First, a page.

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Hyaluronic acid (HA) was discovered in 1934 by Karl Meyer in an ophthalmology lab at Columbia University. Meyer found the substance in cows' eyes and determined that it helped the eye retain its shape.
Hyaluronic Acid: The Long Research History of a New Oral Compound
There's nothing new about hyaluronic acid in the research community.
Hyaluronic acid (HA) was discovered in 1934 by Karl Meyer in an ophthalmology lab at Columbia University. Meyer found the substance in cows' eyes and determined that it helped the eye retain its shape. The substance was very viscous, leading Meyer to suspect that it might have some therapeutic use. But extracting cows' eyeballs was neither appetizing nor feasible commercially. Along came Dr. Endre Balazs, a Hungarian scientist who also ended up at Columbia. Using Meyer's procedures, Dr. Balazs figured out in the early 1940's how to extract and purify HA from rooster combs.
Since the 1970's, HA has been injected into the joints of racehorses to reduce inflammation, and it was used in veterinary eye surgery. But the compound was not used on humans until 1980, after Dr. Balazs sold his patents and methods to Pharmacia, the Swedish drug company. That year, Pharmacia introduced Healon, a product used in cataract surgery to protect the cornea while a new lens is installed.
In 2003, an HA gel was developed to be injected into wrinkles like those around the nose and chin. That treatment proves in most cases to last six months to a year. Another product, Restylane, was also approved for wrinkle treatment in 2003. It also uses HA, not from animals, but from microbial fermentation - a process cited as producing the most effective form of HA in an article entitled "Will the Real HA Please Stand Up?" in the 2004 Journal of Applied Nutrition.
At a conference at the Cleveland Clinic in October 2003, held by Dr. Balazs and Dr. Vincent Hascall, a researcher at the Cleveland Clinic Foundation, 300 researchers presented data on hyaluronan's potential to heal wounds, prevent scarring and deliver slowly released drugs to precise areas.
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Throughout the rich research history of HA, Dr. Endre A. Balazs has distinguished himself through pioneering research on this viscoelastic substance found throughout the human body. As the world's leading expert for over 50 years on this important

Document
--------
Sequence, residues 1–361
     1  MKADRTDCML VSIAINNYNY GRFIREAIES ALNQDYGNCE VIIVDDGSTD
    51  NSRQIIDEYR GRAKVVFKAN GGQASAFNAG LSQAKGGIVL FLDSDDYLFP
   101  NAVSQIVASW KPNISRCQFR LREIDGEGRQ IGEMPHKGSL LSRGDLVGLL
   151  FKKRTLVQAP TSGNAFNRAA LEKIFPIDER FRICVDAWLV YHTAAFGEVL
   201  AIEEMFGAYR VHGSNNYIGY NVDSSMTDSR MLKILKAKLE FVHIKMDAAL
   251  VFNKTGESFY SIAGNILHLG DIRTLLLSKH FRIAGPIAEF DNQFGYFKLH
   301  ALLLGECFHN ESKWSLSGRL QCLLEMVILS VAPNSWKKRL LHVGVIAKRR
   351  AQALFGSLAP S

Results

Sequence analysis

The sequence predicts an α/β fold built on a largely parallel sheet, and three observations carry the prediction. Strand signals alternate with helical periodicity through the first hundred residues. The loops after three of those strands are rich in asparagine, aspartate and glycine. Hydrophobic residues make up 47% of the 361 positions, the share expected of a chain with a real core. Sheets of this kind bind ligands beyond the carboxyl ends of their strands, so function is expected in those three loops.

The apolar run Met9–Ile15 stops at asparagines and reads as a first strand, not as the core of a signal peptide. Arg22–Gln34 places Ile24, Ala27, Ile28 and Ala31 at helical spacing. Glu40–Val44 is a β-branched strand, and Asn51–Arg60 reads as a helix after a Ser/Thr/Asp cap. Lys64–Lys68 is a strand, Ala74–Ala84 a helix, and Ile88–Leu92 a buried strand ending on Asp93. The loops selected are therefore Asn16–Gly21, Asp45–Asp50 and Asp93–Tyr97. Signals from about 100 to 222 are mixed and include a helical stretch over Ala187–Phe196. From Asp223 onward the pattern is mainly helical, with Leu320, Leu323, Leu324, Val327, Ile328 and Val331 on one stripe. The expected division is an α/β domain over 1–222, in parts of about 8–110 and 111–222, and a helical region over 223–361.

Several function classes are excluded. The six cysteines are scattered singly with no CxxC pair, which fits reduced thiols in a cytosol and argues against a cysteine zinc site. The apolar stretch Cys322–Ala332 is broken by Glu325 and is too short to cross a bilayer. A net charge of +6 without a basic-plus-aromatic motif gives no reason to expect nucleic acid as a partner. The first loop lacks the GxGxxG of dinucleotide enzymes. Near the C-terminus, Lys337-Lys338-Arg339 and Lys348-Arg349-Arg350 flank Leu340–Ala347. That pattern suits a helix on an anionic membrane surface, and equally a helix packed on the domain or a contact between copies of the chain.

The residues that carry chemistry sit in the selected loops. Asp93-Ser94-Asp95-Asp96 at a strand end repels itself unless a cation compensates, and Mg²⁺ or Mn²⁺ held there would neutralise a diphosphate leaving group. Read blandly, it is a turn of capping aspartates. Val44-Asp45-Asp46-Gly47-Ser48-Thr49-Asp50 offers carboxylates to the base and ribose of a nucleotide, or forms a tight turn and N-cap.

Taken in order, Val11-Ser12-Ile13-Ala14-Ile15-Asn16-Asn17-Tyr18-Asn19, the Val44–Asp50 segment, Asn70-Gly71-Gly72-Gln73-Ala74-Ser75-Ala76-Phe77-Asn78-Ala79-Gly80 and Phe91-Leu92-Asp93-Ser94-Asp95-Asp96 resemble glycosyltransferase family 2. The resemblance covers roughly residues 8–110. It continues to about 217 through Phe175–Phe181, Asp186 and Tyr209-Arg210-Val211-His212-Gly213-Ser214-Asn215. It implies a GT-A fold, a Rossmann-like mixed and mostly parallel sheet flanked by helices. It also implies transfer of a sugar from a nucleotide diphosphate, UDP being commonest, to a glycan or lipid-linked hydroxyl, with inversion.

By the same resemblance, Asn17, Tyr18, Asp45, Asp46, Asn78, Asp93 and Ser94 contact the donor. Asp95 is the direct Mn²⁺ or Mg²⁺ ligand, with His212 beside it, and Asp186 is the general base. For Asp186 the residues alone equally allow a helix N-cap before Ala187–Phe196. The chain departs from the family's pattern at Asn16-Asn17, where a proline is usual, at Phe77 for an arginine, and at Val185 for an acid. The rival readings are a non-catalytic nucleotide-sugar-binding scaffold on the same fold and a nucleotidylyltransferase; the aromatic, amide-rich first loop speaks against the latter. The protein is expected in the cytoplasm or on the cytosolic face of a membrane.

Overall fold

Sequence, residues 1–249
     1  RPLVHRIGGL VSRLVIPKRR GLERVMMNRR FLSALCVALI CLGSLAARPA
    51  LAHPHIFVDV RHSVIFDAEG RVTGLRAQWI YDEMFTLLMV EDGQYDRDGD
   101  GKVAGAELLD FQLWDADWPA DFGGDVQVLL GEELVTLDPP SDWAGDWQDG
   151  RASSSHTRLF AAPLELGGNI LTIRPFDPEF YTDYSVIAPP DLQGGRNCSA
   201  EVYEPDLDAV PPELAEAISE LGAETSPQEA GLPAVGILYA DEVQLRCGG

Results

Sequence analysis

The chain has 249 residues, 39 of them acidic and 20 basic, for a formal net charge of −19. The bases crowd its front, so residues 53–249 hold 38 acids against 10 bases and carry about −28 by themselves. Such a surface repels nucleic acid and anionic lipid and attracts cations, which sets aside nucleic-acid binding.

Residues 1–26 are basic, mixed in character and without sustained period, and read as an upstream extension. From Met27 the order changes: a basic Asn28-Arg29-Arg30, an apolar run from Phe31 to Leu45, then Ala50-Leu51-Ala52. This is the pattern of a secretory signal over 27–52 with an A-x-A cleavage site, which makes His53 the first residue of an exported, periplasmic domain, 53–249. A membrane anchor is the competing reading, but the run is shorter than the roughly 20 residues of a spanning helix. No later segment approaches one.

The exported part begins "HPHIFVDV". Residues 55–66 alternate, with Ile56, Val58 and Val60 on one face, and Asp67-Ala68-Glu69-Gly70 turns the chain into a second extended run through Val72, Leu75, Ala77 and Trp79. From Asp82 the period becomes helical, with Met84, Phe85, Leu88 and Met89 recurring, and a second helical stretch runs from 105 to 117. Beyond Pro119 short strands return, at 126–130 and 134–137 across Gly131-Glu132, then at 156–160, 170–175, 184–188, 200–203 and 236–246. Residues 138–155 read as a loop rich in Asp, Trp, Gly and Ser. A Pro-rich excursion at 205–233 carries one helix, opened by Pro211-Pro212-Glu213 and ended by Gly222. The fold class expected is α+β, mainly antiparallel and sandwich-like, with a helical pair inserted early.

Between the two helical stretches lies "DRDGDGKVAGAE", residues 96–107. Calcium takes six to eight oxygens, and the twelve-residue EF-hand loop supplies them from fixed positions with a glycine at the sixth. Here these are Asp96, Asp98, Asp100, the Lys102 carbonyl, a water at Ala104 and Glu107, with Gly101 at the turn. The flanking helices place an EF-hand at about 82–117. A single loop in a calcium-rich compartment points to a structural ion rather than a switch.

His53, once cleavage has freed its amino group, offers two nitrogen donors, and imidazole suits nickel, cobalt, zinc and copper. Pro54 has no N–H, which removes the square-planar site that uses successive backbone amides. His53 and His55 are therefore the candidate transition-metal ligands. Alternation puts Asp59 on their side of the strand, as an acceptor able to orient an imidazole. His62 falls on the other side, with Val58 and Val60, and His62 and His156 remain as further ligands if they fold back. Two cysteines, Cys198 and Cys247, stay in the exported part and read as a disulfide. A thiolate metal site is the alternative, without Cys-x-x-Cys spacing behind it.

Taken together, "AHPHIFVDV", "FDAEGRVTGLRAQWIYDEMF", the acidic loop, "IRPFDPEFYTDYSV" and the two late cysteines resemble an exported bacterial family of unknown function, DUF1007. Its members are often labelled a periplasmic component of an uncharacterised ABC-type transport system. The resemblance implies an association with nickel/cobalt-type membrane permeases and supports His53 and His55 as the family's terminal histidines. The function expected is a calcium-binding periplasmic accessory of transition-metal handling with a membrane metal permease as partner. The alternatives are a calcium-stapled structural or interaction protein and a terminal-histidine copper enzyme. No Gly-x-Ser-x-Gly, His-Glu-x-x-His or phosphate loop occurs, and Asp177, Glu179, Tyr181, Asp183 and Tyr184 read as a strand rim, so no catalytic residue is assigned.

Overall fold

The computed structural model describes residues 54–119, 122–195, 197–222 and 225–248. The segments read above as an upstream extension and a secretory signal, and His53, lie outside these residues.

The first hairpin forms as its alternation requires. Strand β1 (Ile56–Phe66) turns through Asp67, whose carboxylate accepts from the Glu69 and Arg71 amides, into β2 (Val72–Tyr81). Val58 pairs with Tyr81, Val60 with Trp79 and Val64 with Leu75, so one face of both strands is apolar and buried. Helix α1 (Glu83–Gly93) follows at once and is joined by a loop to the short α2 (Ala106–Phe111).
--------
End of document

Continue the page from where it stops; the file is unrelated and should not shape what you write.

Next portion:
macromolecule, his work has encompassed numerous pioneering discoveries. These contributions include extracting and purifying the molecule itself, a medical product that has made intraocular surgeries almost routine and benefited countless eye surgery patients, and a "cross-linking" technique that ties together hyaluronan strands.
In 1981, Dr. Balazs founded Biomatrix Inc. with Purdue alumna Dr. Janet Denlinger. As the company's chief executive officer and chief science officer, he established a strong research program that focused on modifying HA, work that led to important therapeutic applications, including a viscoelastic supplement for arthritic joints. In 1999, Biomatrix was recognized by Fortune as one of the fastest growing companies in the US. In 2000, Biomatrix was sold to Genzyme, Inc. After the sale of Biomatrix, Dr. Balazs co-founded Matrix Biology Institute Inc. (MBI), a philanthropic foundation with the purpose of promoting HA research. He has advanced the foundation's mission by establishing a comprehensive history and public database on HA research. MBI continues to advance knowledge that leads to the better understanding of the molecular structure, function, and therapeutic and skin care applications of hyaluronan and its derivatives.
With the much more recent dawn of oral HA in the joint supplement marketplace, interest continues to grow and peak as more people use these oral supplements. With so few choices available in a rapidly graying population that wants to stay fit and active, an oral HA solution - like Play Again by Viscos - offers a new dimension for the management of joint stiffness and discomfort.
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